The DNAinfo archives brought to you by WNYC.
Read the press release here.

Local Leaders Demand Answers on Future of 31st Street Bus Route

By Casey Cora | January 21, 2013 8:28am

CHICAGO — Community leaders are outraged that the city transit authority hasn't followed through on a planned study of the 31st Street bus route after restoring a portion of the busy busway this summer.

When the CTA board approved an ordinance in August reopening a part of the 31st Street route, Southwest Side activists were told the CTA would create an experimental test route on the west end of 31st Street while studying demand for it on the east.

But advocates said the CTA only partly held up their end of the bargain by implementing the 180-day test route, an extension of the No. 35 bus to 31st Street between Kedzie and Cicero avenues in Little Village.

"We've been promised that study, but that's not what is being done," said Maureen Sullivan, a Bridgeport resident and longtime proponent of restoring the old 31st Street routes, which were axed in 1997 due to ridership declines.

Now, with the experiment set to expire in March, community leaders are wondering what's next.  

The options are to renew the test route for another six months, inch the route eastward or scrap it altogether.

In a meeting held at the transit agency's headquarters last week, CTA leaders told a small coalition of community groups that any developments are on hold until the CTA board is presented with ridership results from the existing route extension.

That’s drawn the ire of the community activists, who said CTA leaders have been coy about plans to study the feasibility of the proposed route, which would take riders from Cicero Avenue to the lakefront and up at the museum campus.

“[The CTA] hasn’t even done anything to create the study. They don’t know who’s doing it and they won’t give us any names,” said Joe Trutin, a McKinley Park resident and business owner.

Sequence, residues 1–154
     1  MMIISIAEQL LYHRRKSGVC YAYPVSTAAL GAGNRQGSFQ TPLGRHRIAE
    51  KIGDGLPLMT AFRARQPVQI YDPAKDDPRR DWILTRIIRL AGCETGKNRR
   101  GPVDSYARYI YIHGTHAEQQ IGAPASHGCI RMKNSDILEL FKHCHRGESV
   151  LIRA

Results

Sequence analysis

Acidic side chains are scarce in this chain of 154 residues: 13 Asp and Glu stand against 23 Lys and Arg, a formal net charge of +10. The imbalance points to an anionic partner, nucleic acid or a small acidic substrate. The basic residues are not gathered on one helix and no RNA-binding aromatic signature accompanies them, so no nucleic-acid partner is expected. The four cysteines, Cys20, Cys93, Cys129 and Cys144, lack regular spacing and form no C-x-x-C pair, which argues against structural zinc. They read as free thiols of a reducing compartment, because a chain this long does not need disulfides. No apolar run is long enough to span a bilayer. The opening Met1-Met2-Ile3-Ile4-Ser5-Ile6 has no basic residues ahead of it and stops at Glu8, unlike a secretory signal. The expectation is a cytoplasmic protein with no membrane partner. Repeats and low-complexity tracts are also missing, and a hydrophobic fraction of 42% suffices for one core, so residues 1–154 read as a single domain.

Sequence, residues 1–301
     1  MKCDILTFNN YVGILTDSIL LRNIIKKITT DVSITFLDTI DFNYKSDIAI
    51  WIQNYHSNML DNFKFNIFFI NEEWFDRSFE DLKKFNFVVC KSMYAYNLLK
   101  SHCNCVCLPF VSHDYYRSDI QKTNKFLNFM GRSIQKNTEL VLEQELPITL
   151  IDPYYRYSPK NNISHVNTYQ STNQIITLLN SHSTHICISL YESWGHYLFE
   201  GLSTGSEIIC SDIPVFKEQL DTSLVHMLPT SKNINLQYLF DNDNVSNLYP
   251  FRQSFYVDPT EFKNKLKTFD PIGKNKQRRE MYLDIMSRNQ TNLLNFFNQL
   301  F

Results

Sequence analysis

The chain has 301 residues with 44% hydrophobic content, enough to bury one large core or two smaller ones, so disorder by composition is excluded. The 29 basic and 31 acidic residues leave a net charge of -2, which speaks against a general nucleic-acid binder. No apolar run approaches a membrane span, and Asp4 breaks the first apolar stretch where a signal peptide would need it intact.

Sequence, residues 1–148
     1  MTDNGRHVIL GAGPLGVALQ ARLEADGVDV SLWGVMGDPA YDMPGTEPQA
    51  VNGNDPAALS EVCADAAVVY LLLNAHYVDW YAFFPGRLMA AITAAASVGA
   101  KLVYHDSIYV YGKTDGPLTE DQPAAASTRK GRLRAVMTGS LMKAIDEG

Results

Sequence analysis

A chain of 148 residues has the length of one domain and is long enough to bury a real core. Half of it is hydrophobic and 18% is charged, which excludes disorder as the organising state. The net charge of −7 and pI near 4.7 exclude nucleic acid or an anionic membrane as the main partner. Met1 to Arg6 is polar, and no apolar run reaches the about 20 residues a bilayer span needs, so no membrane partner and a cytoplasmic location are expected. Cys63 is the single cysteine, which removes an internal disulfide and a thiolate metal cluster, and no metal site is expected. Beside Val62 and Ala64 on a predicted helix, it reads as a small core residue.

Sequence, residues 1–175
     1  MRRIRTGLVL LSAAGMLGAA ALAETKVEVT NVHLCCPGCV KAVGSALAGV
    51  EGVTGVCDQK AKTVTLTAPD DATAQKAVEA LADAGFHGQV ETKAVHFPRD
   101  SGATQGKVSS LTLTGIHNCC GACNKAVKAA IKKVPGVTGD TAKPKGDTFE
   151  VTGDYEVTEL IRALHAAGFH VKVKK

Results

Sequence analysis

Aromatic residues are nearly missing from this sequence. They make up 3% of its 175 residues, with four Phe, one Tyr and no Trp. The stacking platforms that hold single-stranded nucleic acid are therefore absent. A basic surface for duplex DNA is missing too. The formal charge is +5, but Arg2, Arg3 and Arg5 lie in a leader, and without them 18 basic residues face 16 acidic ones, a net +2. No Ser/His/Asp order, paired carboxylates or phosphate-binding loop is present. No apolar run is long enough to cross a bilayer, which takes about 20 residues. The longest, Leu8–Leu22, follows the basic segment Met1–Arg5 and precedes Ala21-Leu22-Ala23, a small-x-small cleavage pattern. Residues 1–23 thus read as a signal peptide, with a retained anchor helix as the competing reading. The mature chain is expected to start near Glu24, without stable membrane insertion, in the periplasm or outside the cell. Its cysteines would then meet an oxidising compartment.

At Tuesday's meeting, CTA government and community relations officer Sukmeke Watkins said the transit agency is “taking the steps necessary” to begin the study. That includes looking at census information in potential service areas and assessing the financial impact of implementing the route.

"At this time, financial analysis indicates that local matching funding is needed before CTA can proceed with expansion of service east on 31st Street," said CTA spokeswoman Catherine Hosinski.

The CTA said operating the full route would cost $3 million annually.

Supporters of the restored route, including a growing chorus of South Side state representatives, senators and aldermen, say it would be money well spent.

"It is a necessity for a community that's grown from the time they terminated that particular bus... Having access for seniors, for students and for the residents here is an absolute necessity to improve their quality of life," said state Rep. Esther Golar (D-Chicago).

The test route has drawn about 300 to 350 riders each weekday, the CTA said. Those figures may be skewed because of the Chicago Teachers Union strike, which began roughly around the same time the test route began.

Meanwhile, ridership from January to November 2012 on the entire No. 35 route increased about 6 percent from the previous year.

Still, the data hasn't given the CTA enough to go off in its decision about what to do next.

“It’s too early for us to tell what those numbers reflect,” Hosinski acknowledged.

The next CTA board meeting is scheduled for Feb. 13.